The workers’ compensation system should guarantee immediate benefits to people hurt on the job. However, past injuries can put you at a higher risk for new ones and make it more challenging to get the benefits you need when accidents happen. It will take the help of a skilled Massachusetts workers' compensation attorney to demonstrate how your work accident affected your previous injury and get you the benefits you deserve.
Types of Prior or Aggravated Conditions Covered by Workers' Compensation
Workers’ compensation is intended to cover an employee’s lost income and treatment costs for injuries suffered in the workplace. In general, a work injury is compensable as long as it is the primary cause of the employee’s medical bills and lost time from work.
Injuries That Might Be Compensated
- A re-injury. Re-injury occurs when an employee was previously hurt while performing their job duties and is later hurt a second time with the same injury. For example, if you received benefits for a back injury two years ago, you can collect workers’ compensation if you hurt your back at work again. However, the amount of benefits may be adjusted depending on the details of your previous claim.
- Aggravation of an old injury. Aggravation injuries occur when an employee’s work activities cause more significant pain or disability to a pre-existing condition. Coverage would likely depend on whether treatment costs are related to the new or old injury. For example, say you dislocated your shoulder several years ago, weakening the arm and contributing to a lifting injury at work. In that case, workers’ compensation may pay to repair a torn ligament, but it will likely not cover surgery to prevent future dislocation.
- Pre-existing conditions that worsen on the job. Some employees are at greater risk of occupational diseases due to their medical histories or past illnesses. For example, someone with asthma may need breathing treatments or hospitalization after exposure to certain chemicals. Workers’ compensation should cover any conditions the employee’s workplace accelerates or aggravates.
- Injuries resulting from work-related stress. Employees who develop PTSD symptoms or disabling mental conditions due to job demands, workplace harassment, or increased work duties could collect workers’ compensation.
Previous Injuries Can Complicate Your Workers’ Compensation Claim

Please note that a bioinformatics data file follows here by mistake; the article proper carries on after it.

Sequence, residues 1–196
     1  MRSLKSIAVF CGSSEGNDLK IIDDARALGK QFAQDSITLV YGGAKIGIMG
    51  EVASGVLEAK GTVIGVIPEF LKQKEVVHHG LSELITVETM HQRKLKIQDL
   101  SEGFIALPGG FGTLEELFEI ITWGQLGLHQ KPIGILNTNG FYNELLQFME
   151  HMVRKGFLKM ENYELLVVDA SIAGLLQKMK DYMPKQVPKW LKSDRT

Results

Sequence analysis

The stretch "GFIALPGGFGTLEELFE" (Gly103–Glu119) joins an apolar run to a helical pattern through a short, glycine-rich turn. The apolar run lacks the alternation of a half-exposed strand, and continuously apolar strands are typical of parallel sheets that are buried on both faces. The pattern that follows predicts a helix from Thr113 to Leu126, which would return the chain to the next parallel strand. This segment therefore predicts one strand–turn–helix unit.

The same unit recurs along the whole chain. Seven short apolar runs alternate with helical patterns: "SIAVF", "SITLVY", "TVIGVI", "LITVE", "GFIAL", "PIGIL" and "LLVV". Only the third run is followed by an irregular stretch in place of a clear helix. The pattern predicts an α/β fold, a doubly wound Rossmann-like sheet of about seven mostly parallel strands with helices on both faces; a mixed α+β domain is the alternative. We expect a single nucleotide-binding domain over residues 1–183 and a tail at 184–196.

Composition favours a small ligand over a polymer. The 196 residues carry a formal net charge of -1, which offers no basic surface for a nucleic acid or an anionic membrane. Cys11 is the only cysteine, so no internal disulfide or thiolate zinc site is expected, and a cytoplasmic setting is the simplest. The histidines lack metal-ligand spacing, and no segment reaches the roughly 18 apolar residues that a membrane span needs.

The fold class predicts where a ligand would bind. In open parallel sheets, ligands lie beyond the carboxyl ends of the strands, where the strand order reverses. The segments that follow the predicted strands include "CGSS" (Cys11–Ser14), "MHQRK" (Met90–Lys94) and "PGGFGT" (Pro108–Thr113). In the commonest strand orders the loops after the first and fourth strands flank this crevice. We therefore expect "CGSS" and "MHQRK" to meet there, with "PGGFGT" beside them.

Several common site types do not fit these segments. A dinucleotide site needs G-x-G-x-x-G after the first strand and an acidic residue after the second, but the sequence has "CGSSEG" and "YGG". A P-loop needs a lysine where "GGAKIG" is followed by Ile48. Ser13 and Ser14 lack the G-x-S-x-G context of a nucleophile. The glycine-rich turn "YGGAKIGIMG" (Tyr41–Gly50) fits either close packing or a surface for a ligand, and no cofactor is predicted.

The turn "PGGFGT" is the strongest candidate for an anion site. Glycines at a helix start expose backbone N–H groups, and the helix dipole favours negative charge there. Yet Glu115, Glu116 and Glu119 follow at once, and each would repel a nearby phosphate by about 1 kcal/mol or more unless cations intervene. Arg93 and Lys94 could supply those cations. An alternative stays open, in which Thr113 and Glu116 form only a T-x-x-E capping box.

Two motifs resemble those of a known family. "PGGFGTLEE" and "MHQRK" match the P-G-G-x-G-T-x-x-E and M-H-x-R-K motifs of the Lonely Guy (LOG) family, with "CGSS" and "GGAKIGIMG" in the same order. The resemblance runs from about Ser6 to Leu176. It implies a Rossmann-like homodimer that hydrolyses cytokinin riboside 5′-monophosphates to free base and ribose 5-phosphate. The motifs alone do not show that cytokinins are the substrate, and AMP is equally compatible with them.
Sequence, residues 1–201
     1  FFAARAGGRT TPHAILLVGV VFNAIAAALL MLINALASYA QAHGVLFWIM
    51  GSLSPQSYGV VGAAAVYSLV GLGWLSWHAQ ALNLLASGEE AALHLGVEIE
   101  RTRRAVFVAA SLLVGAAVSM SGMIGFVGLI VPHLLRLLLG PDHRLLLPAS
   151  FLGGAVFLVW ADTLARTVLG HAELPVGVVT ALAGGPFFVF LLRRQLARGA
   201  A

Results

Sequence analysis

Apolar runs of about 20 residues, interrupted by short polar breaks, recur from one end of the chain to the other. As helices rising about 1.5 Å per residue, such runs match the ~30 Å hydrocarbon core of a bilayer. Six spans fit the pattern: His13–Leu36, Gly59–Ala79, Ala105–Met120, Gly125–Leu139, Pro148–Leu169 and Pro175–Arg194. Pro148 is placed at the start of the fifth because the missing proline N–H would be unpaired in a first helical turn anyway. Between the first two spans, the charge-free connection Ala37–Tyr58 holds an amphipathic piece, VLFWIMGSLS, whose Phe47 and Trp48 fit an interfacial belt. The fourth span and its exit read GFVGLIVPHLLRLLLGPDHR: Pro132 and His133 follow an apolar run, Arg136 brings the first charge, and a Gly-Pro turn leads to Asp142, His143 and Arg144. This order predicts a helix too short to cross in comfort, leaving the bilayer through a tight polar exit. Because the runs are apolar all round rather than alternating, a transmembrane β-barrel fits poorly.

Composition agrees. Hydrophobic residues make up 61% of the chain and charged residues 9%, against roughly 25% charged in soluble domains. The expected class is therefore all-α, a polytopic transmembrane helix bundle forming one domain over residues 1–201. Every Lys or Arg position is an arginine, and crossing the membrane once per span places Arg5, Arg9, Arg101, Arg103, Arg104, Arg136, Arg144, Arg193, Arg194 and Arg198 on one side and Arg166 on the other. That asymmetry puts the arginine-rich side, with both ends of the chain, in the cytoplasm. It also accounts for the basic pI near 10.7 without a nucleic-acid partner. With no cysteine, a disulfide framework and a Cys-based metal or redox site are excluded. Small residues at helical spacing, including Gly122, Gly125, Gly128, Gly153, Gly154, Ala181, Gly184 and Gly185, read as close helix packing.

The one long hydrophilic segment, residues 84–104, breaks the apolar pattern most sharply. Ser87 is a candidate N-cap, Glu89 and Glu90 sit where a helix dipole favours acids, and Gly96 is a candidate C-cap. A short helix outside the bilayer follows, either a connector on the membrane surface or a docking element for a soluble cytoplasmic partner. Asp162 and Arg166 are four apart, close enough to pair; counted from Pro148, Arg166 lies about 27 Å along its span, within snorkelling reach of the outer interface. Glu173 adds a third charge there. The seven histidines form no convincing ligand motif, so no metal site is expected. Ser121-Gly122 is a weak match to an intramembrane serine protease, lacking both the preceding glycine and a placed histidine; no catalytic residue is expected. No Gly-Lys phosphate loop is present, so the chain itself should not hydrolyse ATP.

While collecting workers’ compensation benefits for a pre-existing injury is possible, your claim is more likely to be challenged by the insurance company. Insurers only keep their profits if they pay as little as possible on all claims, and they definitely don’t want to pay for injuries unrelated to the workplace.
Insurance Company Arguments Involving Pre-Existing Conditions
- The work accident wasn’t the only cause of your symptoms
- The injury was caused by gradual wear and tear on your body or lifestyle choices (such as smoking)
- You are partly responsible for increased medical costs
- Your failure to follow doctor’s orders or keep medical appointments led to the second injury
Insurance companies have deep pockets and will use any information to their advantage when investigating workers’ compensation cases. For this reason, gathering as much evidence as possible to support your claim is vital. Medical records detailing your initial injury and current condition, notes from any doctors who treated both injuries, pay stubs showing any wages lost as a result, and other relevant documents increase the chances of a swift resolution. Additionally, if there were witnesses present at the time you were injured, it would be beneficial if they could provide testimony in support of your claim.
Let Us Help You Recover After a Work Injury
If you were injured at work and have a pre-existing condition, contact the workers’ compensation attorneys of Mahaney & Pappas, LLP at 508-879-3500, or reach out to us online. We will explain your options at no cost to you, and you will not pay any legal fees unless we secure your benefits.